The spark with excessive energy may cause excessive damage to the surface of the underlying polymer. For applications where extremely low leakage currents or very high creep discharge resistance are required, such damage could cause problems; make sure this is not the case. The material behavior will be dependent on the resin used for making the composite; good or bad results with one won't directly translate to another material.


A SMD chip is used as size reference. Its pitch is 0.5mm (300µm between the pads, 200µm wide pads).

A stereomicroscope at 40x magnification was used to take the photos; a camera was hand-held to the eyepiece. A jig has to be 3d-printed.

More images have to be taken for subsequent tests.

Test board, on 5x5mm raster

Test board




Detail, in air

Detail, in air


Detail, through-light, contamination of the groove visible

Detail, contamination partly scratched off

Detail, contamination partly scratched off



Detail, a 1mm scale on top

Detail, too much energy used in air



Detail, just about right

Detail, just about right

Detail, just about right

Detail, just about right

Design thoughts, circuitboard

For circuitboard "etching", the head is a hybrid of a wire cutting and die sinking; the die is the end of the wire, sunk into the thin copper layer. Only a single spark is often needed for full-thickness removal of the copper; excessive energy actually creates a larger than needed crater, with ugly edges. This significantly simplifies the design.

As electrical connection of the layer is necessary for the operation, the circuitboard has to be processed in a raster fashion. Some aberrations are possible but the sheet of copper between the connector and the tool has to be intact; a closed curve would insulate a copper island and the sparking would then not be possible within.

A solenoid can be used for vibrating the electrode tip, to facilitate interrupted touch between it and the copper sheet without having to move the whole print head intermittently up and down, which could speed up the process. A slightly modified coil mechanism from a relay can be used with ease.

The solenoid can be also in all-down position, and its retraction triggered by the spark. At the same time it can act as a z-stop switch signal for the printer. The line-drawing sequence then would be "go down until z-stop triggers, then go slowly to the second end of the line, then go up by a millimeter". This will automatically compensate for both the uneven surface of the board and the tool tip burning away.

The spark-happened signal could be used for returning the solenoid to top position again. This can also be used as a zero-level reference for the 3d printer controller, so automated calibration for warped or otherwise uneven boards and their clamping mechanism would be possible and easy.

The jagged edges of the traces can be minimized by careful spark energy and distance settings. This may be important for high voltage and/or microwave frequencies, where the smoothness of the trace edges may play a role. For these, this technology may or may not be usable.

Design thoughts, z-axis die-sink actuator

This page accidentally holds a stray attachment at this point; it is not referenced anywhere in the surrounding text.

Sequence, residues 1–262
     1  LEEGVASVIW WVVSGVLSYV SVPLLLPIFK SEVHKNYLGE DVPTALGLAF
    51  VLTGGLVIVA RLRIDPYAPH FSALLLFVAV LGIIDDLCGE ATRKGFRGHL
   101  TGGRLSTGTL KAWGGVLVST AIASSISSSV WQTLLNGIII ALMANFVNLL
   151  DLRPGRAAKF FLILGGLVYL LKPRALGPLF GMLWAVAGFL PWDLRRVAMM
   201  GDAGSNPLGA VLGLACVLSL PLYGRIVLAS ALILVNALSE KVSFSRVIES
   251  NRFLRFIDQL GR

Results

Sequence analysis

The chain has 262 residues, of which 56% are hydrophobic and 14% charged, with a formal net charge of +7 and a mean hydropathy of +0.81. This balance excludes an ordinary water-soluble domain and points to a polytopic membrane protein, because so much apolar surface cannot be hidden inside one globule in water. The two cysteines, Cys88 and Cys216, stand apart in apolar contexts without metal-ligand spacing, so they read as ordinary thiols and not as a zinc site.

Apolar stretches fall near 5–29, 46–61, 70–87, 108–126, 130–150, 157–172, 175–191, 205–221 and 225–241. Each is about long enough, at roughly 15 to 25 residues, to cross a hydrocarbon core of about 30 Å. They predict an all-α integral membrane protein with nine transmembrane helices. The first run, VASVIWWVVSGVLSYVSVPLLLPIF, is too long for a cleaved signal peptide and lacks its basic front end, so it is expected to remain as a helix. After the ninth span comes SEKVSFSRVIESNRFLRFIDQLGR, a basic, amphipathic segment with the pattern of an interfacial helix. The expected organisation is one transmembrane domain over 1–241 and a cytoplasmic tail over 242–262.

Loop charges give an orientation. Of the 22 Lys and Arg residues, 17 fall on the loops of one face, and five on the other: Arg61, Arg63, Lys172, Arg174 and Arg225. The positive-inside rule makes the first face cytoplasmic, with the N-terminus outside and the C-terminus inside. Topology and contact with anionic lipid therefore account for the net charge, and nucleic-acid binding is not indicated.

For bulk machining, where there's thicker metal layer to cope with that requires more than a single spark to get rid of, more sophisticated approach with fine z-axis head control is needed.

Some published designs of die-sink EDM machines use a capacitor-voltage feedback. A window is specified; when the voltage is below it, the die moves away from the workpiece, when the voltage is higher, the die moves in. This allows for sustained inward movement of the die; handy when e.g. removing a broken tap or a drill bit. If the reaction speed and the resolution of a 3d printer mechanics are sufficient, this can be implemented in software; otherwise, a hardware z-axis co-actuator (e.g. a solenoid or a voice coil) can be used that finely adjusts the die position in a realtime control loop in a small distance range, like the coarse-fine adjustments of the lens in a CDROM drive. The printer then can be moved in position coarsely, the coactuator lifts the die above the desired position, and slowly lets it move down. When the desired position is reached, the coarse actuators skip to next position and the process repeats.

Bulk machining

It may be possible to spark complex shapes from thin metal foils; this could be of use as an alternative to photoetching of detailed parts for modelling of aircraft, ships, etc.

Holes may be possible to cut to thicker sheetmetal. This would be useful for machining instrument panels.

It may even be able to bulk-machine larger pieces of metal, with adequate power supply and patience. A pump may be needed for circulation of the fluid and forcing it under the tool to wash out the debris. Periodical lifting of the tool in peck-drill style may or may not be sufficient here, though.

Difficult-to-make internal structures, e.g. gun barrel rifling or grooves in wheels for groove-tongue assemblies, could be also achievable; the former would require a rotating plunger to achieve the twist needed. Ad-hoc tooling jigs with one or more stepper motors may have to be built for such advanced applications.

Further roadmap